“The race is completely open. The Christian Democrats (CDU/CSU) won’t recover from their fall in the polls und end up at something clearly below 30 percent. That opens the way for a government without the CDU/CSU. The Social Democrats (SPD) can become strong enough for me to become Germany’s next chancellor.”
So said German Finance Minister Olaf Scholz, who is running as the SPD’s “candidate for chancellor,” at the end of April, in an interview with Germany’s tabloid BILD am Sonntag. Hilarity ensued.
At that point, the Greens’ nomination of Annalena Baerbock as their candidate for chancellor had just pushed support for the party to stratospheric heights. At the peak of the “Annalena hype,” 28 percent of Germans said they were willing to vote Green come elections on September 26. A Green chancellery seemed within reach. The Christian Demcoratic Union and their Bavarian sister party, the Christian Social Union (CDU/CSU), meanwhile, with a tough internal fight behind them, had just chosen CDU leader Armin Laschet over Bavarian premier and CSU leader Markus Söder, as their candidate to succeed Chancellor Angela Merkel. The Christian Democrats, with internal rivalries seemingly settled, replaced the Greens as leaders of the pack in mid-May, polling in the higher 20s. Germany’s “natural political order” had reasserted itself, or so it seemed.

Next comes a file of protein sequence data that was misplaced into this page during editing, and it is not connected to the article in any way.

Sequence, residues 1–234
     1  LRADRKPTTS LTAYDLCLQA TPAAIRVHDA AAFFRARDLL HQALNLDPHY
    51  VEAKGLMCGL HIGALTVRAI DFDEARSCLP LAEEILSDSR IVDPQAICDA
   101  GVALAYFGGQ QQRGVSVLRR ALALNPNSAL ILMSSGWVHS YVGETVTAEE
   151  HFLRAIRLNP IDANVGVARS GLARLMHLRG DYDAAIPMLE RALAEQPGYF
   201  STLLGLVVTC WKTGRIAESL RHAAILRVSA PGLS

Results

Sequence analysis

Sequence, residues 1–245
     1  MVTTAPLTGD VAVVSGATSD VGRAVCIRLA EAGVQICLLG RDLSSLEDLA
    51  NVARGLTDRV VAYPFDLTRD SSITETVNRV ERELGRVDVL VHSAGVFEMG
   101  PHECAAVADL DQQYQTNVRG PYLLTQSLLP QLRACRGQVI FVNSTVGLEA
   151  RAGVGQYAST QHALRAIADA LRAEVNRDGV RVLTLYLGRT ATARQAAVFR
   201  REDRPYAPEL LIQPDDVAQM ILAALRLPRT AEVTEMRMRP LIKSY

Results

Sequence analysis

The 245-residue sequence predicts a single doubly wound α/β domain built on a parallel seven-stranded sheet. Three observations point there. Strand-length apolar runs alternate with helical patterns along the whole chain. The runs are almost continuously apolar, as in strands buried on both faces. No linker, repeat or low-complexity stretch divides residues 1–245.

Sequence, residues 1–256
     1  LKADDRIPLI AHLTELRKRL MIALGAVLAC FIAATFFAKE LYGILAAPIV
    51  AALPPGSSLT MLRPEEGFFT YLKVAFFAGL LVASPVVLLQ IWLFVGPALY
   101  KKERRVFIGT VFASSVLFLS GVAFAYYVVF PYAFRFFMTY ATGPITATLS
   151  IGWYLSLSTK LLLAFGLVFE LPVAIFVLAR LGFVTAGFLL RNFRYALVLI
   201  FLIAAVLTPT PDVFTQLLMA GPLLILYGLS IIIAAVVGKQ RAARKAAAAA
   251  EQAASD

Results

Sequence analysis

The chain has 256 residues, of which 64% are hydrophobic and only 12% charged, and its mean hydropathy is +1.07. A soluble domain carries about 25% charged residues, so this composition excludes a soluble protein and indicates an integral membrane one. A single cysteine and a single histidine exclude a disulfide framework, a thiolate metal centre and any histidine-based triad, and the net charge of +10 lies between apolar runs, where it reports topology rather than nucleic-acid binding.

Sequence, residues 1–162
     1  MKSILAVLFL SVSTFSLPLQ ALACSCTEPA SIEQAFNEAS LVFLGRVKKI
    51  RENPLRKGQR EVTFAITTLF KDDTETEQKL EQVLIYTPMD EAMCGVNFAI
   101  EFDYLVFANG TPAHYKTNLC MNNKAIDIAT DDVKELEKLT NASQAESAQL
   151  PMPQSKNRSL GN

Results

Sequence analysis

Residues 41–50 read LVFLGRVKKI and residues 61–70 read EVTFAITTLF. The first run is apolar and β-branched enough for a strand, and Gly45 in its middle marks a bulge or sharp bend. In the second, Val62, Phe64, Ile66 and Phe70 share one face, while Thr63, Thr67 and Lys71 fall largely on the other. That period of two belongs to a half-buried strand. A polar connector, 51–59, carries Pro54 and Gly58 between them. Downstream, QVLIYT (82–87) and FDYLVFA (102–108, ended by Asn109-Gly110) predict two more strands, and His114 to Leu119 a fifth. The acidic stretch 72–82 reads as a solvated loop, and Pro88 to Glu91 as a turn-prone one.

The SPD? It stood at 13 percent when Scholz made those remarks.
No one is laughing now, except Germany’s shrewd finance minister and his supporters—who seem an ever-growing group. With the German election campaign entering its final stretch, Scholz’ popularity—always much greater than Baerbock’s and Laschet’s—has finally morphed into support for his party. At the beginning of September, the Social Democrats overtook the Christian Democrats in the polls, now consistently scoring 25 percent and more, while the CDU/CSU seemingly stuck at 20-22 percent. With only two more weeks to go, there is now much to suggest that Germany’s next government will be led by Olaf Scholz.
A Successful Strategy
It is rare that political calculations pan out so precisely. For the former employment minister (2007-09) and Hamburg mayor (2011-18), it was a stroke of genius to lock in the SPD’s nomination as chancellor candidate as early as a year ago. After having narrowly lost the party leadership to a duo of left-wing non-entities, Saskia Esken and Norbert Walter-Borjans, in a grassroots membership vote, Scholz managed to effectively bounce his candidacy on a divided and dispirited party.
Perhaps most miraculously, the SPD has shown uncharacteristic discipline since the campaign started in earnest. There’s been next to no sniping, even when Scholz deftly steers the SPD on a distinctly centrist course. The candidate has practically merged with his party. The SPD is Scholz, at least for now.